As I switched on his lamp I turned my head and looked over at my son to say goodnight. His eyes were glassy, a single tear rolling down his cheek.
“What’s wrong honey?” I asked, “It’s a big day tomorrow, you need to sleep.”
“I’m scared Mum,” he whispered. “I’m scared of big school. I don’t want to go.”
To any parent of a child starting school these words are heart breaking. I sat with him and explained he was ready for school. It would mean learning new things and making new friends. I told him it was okay to be scared, and let him know that even Mummy gets scared sometimes.
What I didn’t let on was that at that moment I was scared too. In fact, I was petrified. My eldest child was starting school – ‘big’ school. We’d spent the previous weeks getting uniforms, shoes, pencils, bags, drink bottles and lunch boxes. We were prepared in every way possible, except mentally.
Eventually he settled and headed off to sleep. I, on the other hand, had the most restless night I’d had in months.
I was going to be a school mum, I wasn’t ready for that!
The morning came and we both put on a brave face. We all got ready, took photos and spoke about the excitement of the day. We dropped our youngest son at preschool and headed to ‘big’ school.
We walked in and he turned and looked to me with a smile, “I’m okay mum. I’m excited now.”
My partner and I walked him to class. His teacher got him to pick his name badge, he waved goodbye and said, “See you this afternoon.”
And that was it. No squealing, no fights, no tears. Nothing.
As my partner and I walked out the school gates I tried to hide my tears behind my dark glasses.
“He didn’t cry,” I sobbed, partly because I was so proud and partly because I knew he was no longer the baby I pictured in my head.
I preoccupied myself all day trying my best not to look at the clock. The first time I looked was 9:01 (school started at 8.50), then 9:40, 10:20, 10:45, 11:15 … you get the picture, I wasn’t successful.
After what felt like an eternity later, it was finally time to pick him up. I knew no one, so I stood on my own waiting for the bell to ring. The bell rang and the school, with over 600 kids, turned into chaos. He walk out of his class and I could see his eyes scanning the lines of anxious first-time Kindy parents for me. He spotted me, he had a grin from ear to ear and ran over giving me a big hug.
“MUM I LOVE SCHOOL - CAN I MOVE HERE?”
We headed home and he excitedly told us all about his adventures of the day. He asked again, more than once, if moving into school was a serious possibility.
Every inch of my being breathed a sigh of relief. He liked it, no, he loved it.
That all happened 12 months ago, almost to the day.
In January last year I was a nervous first-time school parent who knew nothing of what the year ahead held.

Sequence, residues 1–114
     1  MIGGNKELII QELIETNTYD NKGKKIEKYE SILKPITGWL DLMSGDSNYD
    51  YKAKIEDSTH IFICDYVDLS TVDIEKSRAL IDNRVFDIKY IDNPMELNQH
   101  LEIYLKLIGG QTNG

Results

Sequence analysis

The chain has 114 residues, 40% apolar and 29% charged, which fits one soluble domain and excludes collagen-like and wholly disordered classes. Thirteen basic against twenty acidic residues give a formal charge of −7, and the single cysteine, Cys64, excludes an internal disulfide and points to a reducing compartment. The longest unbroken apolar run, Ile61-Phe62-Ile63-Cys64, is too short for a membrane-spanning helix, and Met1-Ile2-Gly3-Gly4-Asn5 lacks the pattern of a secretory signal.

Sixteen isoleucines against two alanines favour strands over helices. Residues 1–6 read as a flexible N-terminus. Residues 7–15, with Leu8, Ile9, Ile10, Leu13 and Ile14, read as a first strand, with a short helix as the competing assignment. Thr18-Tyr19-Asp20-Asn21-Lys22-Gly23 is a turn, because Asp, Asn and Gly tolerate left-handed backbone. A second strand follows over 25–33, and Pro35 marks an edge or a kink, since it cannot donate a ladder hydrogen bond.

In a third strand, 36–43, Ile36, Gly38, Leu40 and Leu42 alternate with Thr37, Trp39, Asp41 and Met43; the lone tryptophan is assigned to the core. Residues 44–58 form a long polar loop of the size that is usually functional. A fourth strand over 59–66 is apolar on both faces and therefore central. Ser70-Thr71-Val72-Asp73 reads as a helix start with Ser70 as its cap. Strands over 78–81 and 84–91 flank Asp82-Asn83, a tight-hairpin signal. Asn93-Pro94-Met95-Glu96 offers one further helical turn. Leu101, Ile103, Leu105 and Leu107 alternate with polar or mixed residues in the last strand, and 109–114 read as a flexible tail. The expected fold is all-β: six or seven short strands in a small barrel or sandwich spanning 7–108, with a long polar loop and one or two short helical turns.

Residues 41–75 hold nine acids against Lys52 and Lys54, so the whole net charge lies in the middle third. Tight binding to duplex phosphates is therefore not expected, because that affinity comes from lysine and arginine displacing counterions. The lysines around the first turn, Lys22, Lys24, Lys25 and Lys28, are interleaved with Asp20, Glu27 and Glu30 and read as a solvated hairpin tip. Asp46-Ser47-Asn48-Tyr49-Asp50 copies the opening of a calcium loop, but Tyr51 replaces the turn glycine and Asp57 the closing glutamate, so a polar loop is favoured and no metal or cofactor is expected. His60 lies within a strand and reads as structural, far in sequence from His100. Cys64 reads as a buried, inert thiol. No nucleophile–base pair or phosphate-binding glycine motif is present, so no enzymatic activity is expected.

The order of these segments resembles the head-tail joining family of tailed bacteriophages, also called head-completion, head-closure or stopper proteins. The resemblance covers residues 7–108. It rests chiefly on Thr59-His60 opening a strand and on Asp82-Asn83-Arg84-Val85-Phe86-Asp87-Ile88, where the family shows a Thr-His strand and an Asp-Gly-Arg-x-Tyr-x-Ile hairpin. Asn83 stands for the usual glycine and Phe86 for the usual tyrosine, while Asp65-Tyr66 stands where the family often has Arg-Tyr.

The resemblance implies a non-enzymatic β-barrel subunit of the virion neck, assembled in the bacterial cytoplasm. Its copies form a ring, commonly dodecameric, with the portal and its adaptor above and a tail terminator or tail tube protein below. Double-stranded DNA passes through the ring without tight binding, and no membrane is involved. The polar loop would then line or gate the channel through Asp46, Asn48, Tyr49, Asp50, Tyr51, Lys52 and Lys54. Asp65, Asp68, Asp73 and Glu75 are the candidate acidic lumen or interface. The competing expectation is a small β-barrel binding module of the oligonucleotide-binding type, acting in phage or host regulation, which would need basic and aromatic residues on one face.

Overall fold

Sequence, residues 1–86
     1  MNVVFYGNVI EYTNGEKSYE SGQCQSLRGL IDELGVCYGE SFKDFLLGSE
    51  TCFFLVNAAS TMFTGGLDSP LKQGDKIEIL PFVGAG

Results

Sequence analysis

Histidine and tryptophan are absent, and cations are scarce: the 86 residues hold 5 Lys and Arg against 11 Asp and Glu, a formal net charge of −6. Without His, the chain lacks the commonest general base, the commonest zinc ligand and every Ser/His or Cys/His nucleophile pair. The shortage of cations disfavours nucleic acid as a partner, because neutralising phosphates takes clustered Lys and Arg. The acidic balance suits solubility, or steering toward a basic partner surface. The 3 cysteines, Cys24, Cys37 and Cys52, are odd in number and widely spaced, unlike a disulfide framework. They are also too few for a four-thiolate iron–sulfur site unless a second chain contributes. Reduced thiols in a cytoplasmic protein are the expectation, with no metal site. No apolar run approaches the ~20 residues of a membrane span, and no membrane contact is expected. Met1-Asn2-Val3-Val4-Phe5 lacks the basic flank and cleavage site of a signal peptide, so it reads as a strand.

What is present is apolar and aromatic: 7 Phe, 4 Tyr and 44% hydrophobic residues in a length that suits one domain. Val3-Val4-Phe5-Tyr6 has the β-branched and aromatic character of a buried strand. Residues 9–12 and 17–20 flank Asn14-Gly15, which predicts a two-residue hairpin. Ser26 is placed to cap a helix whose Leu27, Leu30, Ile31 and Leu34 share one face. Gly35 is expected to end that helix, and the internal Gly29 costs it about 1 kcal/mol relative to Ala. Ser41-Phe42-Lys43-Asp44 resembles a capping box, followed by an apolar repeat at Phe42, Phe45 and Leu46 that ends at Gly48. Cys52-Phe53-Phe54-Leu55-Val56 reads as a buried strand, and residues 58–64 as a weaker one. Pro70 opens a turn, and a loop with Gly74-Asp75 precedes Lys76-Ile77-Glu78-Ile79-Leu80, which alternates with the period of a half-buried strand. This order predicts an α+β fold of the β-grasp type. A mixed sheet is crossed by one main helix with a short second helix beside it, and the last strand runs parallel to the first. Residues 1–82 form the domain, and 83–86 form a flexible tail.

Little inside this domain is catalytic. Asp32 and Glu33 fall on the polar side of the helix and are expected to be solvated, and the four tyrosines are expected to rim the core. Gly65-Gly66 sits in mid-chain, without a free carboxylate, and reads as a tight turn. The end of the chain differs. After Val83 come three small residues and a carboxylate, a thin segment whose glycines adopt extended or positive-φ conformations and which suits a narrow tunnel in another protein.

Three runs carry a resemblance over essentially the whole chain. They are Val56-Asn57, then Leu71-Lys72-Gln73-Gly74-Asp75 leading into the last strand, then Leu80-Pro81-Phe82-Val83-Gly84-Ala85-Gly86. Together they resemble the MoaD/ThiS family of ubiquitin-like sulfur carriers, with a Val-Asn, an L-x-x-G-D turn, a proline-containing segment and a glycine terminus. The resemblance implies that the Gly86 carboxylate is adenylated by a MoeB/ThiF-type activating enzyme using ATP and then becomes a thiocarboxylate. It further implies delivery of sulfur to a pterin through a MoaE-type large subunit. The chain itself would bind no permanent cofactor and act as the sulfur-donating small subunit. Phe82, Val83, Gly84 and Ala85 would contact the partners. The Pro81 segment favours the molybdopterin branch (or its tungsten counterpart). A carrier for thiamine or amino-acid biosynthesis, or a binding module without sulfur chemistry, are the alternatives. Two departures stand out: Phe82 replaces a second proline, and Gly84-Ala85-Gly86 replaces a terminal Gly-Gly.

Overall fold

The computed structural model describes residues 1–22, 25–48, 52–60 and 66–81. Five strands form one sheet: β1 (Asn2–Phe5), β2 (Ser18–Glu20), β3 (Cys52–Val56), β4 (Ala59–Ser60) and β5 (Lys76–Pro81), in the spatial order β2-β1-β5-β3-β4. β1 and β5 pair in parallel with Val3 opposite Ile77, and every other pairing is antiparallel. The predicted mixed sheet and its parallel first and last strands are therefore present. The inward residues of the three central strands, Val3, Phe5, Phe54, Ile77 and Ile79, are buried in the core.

Fast forward a year and we are preparing to head into year one. I say ‘we’ because it really is a group adventure. My partner, our youngest son and I were all there for the rollercoaster ride that was our eldest son’s first year of school and together we prepare to hit the second year head on and full of enthusiasm.
Unlike this time last year, the past few weeks have been filled with fun, laughter, excitement and anticipation.
“Mum I need some new pencils and a bag. Oh, this drink bottle looks awesome.”
“I wonder what class I’ll be in. Year one classes are at the back of the school, I’m a big kid now.”
“Yay! Only 15 days till school goes back. Holidays are boring.”
As for the year that was, I can safely say we both passed with flying colours.
I spent time at the school learning how things worked behind the scenes and I made a point of getting involved. I even plucked up some courage and spoke to other school parents, I found we had a tonne in common and made myself some fantastic friends. Most importantly, though, I saw my son thrive in the school environment, and nothing made me happier.
To this year's first–time school parents here are my top five pieces of advice on how to cope with the year ahead:
1. Don’t forget the important stuff – Notes! Oh my god, the notes. Keep track of notes, excursions and sports activities on a calendar. Join and keep up to date on school websites and Facebook pages if they have them.
2. Make friends – I could not have made it through last year without my ‘school friends’. Arrange play dates with your child’s friends and talk to others parents at pick up and drop off. Even if it is their first child at school or their last, you all have something in common. You’ll probably find they are just as nervous and worried as you. You will soon wonder how you ever coped without them.
3. Ask questions – The teachers, the Principal, P&C or P&F committees are all there if you have a question about the work or how your child is doing. Make sure you attend parent-teacher interviews and if possible P&C or P&F nights, it’s a great chance to see how school’s work and have your say on bigger issues.
4. Help out – Reading, canteen, fetes and fundraisers. The kids love seeing you and the school loves the help. It’s a win-win situation.
5. Relax and have fun – School is fun! Remember that.